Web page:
The pileated woodpecker is a wood-boring bird that can grow up to 20 inches long, almost the size of a crow. You can identify these birds by the bright red crest on top of their heads. Adult males have red markings along either side of their powerful beaks, which can make a frightful racket when one these birds is hammering away on the side of your house or a nearby tree. If it seems like a pileated woodpecker is trying to drill his way inside your house, it's probably because he's attempting to attract a mate with his "drumming." Follow these humane steps to encourage the woodpecker to look for love elsewhere.
Hang aluminum pie pans and strips of shiny mylar with string around the area the woodpecker is damaging. The movement and glare off the material annoys a pileated woodpecker and he may go elsewhere.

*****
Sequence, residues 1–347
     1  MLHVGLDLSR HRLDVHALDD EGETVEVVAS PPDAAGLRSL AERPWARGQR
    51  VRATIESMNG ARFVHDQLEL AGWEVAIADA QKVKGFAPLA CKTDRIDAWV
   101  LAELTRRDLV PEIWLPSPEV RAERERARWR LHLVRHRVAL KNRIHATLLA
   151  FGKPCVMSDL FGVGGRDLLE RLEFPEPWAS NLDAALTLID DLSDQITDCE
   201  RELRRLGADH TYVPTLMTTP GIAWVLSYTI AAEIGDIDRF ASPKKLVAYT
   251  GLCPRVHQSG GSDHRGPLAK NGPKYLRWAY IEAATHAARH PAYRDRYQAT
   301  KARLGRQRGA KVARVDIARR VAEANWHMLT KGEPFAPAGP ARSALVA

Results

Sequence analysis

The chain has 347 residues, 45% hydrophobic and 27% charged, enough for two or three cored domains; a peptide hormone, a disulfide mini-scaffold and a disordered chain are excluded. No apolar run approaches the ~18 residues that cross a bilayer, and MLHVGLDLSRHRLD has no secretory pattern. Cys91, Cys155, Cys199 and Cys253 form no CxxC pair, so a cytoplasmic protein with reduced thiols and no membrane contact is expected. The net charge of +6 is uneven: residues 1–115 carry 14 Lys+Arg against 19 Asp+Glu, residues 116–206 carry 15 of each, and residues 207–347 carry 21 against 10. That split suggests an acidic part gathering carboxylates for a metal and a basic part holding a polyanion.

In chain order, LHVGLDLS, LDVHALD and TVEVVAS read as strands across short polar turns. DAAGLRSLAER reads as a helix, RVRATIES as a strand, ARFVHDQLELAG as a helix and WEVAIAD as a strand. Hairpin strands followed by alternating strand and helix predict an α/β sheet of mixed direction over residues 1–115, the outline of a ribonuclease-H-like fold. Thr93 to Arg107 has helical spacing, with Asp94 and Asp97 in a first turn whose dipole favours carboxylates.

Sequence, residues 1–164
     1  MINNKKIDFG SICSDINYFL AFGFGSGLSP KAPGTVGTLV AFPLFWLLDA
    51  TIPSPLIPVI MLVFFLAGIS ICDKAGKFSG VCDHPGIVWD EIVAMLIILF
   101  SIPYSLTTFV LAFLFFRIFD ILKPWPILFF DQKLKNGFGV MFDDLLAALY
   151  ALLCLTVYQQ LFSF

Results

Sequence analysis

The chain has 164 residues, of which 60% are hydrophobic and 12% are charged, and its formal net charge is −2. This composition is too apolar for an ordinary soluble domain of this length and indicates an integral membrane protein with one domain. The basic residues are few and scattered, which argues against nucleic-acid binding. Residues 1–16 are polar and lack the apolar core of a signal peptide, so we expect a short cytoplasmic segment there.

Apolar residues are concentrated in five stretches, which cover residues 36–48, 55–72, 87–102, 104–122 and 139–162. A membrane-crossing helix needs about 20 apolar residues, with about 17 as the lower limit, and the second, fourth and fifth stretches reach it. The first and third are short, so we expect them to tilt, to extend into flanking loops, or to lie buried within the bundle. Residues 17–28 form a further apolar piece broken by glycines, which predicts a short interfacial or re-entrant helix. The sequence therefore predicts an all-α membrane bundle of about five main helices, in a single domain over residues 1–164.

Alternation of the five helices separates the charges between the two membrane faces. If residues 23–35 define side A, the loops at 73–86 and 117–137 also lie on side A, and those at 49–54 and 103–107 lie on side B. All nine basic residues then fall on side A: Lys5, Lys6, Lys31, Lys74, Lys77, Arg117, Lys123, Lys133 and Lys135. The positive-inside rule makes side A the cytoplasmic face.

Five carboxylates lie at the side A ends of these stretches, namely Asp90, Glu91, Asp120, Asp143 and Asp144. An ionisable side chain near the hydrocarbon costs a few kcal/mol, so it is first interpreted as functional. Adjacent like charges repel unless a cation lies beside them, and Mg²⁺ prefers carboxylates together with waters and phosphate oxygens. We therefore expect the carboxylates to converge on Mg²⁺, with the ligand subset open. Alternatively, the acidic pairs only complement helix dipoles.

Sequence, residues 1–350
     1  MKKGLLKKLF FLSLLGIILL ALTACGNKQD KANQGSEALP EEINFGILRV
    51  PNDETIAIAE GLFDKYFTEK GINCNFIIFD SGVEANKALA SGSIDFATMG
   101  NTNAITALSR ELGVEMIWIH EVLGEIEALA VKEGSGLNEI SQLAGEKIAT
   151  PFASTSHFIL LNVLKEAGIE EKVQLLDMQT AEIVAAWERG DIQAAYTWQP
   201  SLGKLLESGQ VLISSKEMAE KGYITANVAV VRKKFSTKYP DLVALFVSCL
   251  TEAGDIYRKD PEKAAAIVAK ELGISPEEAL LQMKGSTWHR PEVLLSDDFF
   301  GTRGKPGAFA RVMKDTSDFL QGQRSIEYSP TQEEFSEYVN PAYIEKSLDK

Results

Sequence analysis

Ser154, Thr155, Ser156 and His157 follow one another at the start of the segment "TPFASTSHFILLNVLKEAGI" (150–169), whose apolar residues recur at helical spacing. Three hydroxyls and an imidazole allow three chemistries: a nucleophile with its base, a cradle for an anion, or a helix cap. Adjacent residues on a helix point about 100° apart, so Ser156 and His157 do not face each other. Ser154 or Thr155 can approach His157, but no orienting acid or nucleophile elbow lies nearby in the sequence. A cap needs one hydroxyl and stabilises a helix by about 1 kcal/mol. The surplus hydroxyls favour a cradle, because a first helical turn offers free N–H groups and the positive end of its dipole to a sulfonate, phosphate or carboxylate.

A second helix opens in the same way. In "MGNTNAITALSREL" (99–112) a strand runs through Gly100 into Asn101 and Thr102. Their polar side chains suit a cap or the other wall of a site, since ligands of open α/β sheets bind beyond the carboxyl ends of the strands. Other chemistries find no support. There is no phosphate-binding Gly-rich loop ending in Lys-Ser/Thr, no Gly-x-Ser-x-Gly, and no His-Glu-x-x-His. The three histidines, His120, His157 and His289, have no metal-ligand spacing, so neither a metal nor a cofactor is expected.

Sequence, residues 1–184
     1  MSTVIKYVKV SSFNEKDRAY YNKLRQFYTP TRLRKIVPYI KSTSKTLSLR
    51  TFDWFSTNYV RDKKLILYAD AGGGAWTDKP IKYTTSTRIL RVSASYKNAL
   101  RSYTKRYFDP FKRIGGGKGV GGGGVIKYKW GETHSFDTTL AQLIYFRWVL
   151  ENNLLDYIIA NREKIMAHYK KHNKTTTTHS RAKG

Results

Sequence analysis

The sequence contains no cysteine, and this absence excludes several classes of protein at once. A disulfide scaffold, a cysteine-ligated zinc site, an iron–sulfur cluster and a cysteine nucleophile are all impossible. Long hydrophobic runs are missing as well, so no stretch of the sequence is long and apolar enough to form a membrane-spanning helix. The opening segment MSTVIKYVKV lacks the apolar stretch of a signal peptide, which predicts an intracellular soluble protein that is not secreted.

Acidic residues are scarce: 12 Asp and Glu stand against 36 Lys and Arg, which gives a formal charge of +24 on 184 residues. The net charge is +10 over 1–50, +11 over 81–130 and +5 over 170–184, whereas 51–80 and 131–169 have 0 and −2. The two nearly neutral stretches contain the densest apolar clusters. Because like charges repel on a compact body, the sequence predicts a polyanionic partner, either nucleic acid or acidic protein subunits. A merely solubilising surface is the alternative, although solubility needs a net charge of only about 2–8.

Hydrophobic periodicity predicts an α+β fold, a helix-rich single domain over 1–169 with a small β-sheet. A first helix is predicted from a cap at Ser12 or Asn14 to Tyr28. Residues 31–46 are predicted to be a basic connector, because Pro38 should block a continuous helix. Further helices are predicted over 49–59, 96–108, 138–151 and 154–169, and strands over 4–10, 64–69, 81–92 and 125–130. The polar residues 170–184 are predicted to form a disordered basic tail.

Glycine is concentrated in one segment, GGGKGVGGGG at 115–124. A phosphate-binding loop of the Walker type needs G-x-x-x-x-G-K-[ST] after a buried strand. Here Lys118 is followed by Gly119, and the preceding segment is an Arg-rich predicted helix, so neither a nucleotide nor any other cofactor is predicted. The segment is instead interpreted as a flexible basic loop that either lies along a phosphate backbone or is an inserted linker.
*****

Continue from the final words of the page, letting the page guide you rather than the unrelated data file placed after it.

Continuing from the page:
Repair woodpecker damage on your home as soon as you notice it. This will deter the birds and they may give up.
Fire a cap pistol or bang pots and pans near the woodpecker whenever he comes around.
Check your house for insect infestation. Woodpecker drilling is sometimes a search for food, such as carpenter bees and their larvae, which are sometimes laid underneath wood siding or behind window shutters. Get rid of the food supply and you may get rid of the woodpecker.
Fire a blast of water from the garden hose. After being hit a few times in this way, the woodpecker should give up.